Dr. Sumers’ nurse called Mom the day before my scheduled tonsillectomy and
asked, “How will you be coming down to Jefferson City tomorrow?” Mom told
her she’d drive me over in the Model T touring car. “Bring a man’s
handkerchief along,” she replied.
Now this was about 1924 and the best way to deal with tonsils which repeatedly
became red and swollen was to get them out. Also, I was a puny little thing
and it was thought that a tonsillectomy would improve my general health.
Everybody was advising that. It cost about $50 in our hospitals and Dr. Sumers
did the work in his own office suite for half that.
Early the next morning, Mom’s good friend Mary, along with my brother and I,
made the long slow trip to Jeff. When we entered, the nurse said “Mrs.
Meyers, I forgot to tell you that Sue shouldn’t eat any breakfast. Did she
eat?” Yes, I had sort of tanked up because friends told me I’d have an awful
sore throat after the surgery. Therefore I was left in a dark room to rest for
about two hours, alone.
I vividly recall finally having the nurse put a transparent mask over my mouth
and nose and I tried to keep from breathing that awful ether, but soon felt
that I was on a long slide, sailing down out of control. The next thing I knew
the nurse was offering me some ice cream, saying, “You must be hungry.” One
bite and I was not hungry at all!
I sipped a little water and dropped off to sleep. In late afternoon, the nurse
said, “Sue, you can go home now.” That’s where the man’s handkerchief came
in. “Hold this over loosely over your nose all of the way home.” Good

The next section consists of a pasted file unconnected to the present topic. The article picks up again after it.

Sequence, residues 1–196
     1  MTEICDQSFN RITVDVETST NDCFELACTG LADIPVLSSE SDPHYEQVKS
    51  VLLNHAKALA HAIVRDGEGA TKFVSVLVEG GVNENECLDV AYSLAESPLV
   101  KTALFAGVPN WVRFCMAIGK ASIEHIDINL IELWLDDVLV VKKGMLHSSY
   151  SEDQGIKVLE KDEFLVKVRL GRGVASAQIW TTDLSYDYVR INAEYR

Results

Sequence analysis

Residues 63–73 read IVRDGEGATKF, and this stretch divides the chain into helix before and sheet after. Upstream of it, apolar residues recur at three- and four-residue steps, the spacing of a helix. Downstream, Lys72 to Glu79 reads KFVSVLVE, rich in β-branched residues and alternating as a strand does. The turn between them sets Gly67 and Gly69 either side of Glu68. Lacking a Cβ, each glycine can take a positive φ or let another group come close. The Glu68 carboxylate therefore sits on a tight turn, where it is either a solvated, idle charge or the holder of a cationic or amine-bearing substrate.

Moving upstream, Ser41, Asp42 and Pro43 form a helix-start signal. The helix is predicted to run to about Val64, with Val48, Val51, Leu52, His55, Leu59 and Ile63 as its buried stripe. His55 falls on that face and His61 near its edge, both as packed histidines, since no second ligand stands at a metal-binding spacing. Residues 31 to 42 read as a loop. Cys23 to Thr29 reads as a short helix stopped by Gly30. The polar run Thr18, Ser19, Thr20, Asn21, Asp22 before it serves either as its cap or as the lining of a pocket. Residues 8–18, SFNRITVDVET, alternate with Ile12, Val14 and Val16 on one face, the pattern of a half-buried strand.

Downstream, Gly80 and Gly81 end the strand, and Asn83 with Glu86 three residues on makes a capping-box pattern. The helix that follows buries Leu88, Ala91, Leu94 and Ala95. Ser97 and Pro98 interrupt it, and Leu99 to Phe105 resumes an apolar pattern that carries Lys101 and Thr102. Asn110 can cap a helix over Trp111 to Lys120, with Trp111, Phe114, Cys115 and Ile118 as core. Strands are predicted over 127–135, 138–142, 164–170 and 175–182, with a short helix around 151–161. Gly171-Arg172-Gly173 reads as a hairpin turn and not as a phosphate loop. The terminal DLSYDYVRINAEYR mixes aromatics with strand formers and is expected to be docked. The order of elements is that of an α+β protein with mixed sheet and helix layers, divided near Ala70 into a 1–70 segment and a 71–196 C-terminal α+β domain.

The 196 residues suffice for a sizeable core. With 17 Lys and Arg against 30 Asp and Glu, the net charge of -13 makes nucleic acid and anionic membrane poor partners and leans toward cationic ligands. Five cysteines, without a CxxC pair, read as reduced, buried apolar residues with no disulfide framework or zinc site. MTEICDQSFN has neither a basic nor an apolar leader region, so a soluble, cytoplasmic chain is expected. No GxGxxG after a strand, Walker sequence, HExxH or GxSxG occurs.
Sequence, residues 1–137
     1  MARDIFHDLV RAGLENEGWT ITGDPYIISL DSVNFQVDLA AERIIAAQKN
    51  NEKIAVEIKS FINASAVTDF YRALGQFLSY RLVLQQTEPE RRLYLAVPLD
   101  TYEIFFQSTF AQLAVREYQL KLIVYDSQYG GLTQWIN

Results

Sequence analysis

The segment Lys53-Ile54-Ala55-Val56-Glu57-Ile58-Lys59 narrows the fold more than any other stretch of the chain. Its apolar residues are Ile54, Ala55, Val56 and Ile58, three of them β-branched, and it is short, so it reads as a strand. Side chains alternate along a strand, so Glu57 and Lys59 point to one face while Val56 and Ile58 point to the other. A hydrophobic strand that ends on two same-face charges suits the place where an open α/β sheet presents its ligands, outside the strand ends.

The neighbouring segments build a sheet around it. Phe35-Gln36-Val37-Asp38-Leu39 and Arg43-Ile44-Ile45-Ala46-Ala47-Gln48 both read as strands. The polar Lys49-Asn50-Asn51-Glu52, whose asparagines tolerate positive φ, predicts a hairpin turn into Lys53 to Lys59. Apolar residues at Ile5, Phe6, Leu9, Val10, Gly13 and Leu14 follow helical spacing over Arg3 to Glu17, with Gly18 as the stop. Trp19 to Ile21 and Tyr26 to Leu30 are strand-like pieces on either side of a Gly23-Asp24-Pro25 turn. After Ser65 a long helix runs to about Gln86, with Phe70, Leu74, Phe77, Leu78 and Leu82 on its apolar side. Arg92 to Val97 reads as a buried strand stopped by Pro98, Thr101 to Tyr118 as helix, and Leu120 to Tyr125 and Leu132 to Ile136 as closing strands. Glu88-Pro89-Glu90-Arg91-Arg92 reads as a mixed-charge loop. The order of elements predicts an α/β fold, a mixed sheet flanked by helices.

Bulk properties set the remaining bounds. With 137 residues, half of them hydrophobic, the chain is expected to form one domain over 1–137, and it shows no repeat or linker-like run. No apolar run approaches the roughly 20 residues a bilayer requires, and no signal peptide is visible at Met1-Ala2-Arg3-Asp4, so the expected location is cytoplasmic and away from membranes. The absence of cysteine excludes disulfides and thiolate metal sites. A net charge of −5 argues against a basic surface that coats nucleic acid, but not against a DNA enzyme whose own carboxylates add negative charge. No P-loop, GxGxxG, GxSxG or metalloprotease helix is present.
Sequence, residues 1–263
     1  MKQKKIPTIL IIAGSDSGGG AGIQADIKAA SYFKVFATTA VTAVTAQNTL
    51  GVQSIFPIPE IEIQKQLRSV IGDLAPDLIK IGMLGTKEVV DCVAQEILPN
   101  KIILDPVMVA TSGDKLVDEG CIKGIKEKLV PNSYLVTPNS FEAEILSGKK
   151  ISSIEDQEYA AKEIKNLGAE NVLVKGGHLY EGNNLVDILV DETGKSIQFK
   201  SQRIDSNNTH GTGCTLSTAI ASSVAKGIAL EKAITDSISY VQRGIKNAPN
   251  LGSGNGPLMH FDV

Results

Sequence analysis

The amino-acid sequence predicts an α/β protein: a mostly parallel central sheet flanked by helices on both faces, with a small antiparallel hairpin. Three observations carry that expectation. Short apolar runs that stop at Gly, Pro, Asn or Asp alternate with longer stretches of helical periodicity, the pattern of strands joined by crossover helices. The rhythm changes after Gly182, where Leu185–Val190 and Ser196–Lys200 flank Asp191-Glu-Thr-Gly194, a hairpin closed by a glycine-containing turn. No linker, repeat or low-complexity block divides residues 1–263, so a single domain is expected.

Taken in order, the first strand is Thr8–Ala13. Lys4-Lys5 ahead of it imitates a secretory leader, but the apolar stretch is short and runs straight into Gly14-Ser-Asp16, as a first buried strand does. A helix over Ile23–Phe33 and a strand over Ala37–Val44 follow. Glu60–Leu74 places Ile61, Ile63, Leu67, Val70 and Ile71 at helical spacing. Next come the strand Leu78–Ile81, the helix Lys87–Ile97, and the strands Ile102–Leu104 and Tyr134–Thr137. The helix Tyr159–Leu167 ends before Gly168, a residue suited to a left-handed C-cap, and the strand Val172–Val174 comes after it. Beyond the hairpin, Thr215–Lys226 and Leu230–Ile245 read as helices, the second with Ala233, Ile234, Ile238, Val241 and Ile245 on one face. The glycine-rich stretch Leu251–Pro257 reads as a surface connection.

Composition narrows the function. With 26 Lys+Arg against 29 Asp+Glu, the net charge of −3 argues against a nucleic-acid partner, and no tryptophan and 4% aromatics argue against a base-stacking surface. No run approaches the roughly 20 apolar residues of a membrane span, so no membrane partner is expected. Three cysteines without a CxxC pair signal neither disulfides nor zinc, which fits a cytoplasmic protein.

advice. Every breath was like swallowing a sharp knife.
Dr. Sumers said, “Let her eat and drink anything she wants. Soda pop will be
good to start with.” Mom wrote the $25 check and gave me the folded
handkerchief to hold over my face. We loaded into the open car and Mom cranked
it for the long trip back on dusty gravel roads.
The next day Dad bought a whole case of soda pop. The first one I chose was
cherry flavor. Mom popped off the cap and handed it to me. There was that
knife in my throat, again! By the second day, I could swallow more
comfortably. There was also strawberry, cream and orange to choose from and,
to this day, cherry is my last choice.
By the time our own two children had frequent sore throats and inflamed
tonsils, Dr. Garrett advised, “I think we should take them out.” He removed
several youngster’s tonsils each Friday, at Boone County Hospital. Nancy was
the first one of ours to need this surgery. The date was set and arrangements
On Thursday, the day before she was scheduled to be at the hospital at 9 a.m.,
the nurse called to say, “Mrs. Gerard, I wonder if you realize that Nancy’s
tonsil operation is to be done on Friday the thirteenth?” No, I hadn’t
thought about it.
“Dr. Garrett said that if this makes any difference to you, he’ll be glad to
change it.” I replied, “It doesn’t make a particle of difference to me.”
And then I added, “I certainly hope it doesn’t affect Dr. Garrett in any
It didn’t, of course, and by coincidence Walt’s had to come out a few years
later -- on Friday the thirteenth. Perhaps there was a shortage of mothers to
whom it made no difference?